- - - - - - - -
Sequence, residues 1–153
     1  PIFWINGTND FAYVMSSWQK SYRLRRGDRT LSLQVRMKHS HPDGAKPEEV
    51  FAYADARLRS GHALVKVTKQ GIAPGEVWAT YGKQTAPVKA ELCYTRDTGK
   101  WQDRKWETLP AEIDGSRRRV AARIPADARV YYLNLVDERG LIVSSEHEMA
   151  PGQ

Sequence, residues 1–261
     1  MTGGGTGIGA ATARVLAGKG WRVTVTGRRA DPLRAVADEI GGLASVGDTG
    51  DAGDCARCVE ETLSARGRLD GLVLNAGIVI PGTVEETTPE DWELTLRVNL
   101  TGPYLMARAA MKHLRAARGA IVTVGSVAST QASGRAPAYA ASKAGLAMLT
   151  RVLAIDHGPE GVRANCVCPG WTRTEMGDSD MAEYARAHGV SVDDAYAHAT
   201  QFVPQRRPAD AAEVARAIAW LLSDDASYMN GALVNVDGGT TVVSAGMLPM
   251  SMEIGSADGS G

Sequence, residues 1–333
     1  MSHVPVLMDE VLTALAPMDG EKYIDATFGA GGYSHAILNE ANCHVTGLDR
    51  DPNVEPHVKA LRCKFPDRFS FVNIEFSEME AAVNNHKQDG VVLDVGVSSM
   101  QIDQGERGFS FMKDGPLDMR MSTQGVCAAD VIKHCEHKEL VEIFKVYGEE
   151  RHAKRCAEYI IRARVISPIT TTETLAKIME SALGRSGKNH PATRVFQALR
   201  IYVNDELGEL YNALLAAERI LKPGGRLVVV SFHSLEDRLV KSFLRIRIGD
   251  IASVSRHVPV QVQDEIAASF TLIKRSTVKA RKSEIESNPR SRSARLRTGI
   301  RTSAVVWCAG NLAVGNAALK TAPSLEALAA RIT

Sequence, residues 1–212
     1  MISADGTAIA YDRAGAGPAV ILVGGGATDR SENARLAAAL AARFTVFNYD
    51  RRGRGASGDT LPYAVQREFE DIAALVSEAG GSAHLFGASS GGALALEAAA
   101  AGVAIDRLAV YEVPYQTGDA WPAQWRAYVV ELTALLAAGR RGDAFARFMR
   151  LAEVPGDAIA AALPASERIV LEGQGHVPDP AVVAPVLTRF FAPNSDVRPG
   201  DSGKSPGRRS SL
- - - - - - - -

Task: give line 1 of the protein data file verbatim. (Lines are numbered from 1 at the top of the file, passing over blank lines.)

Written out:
Sequence, residues 1–153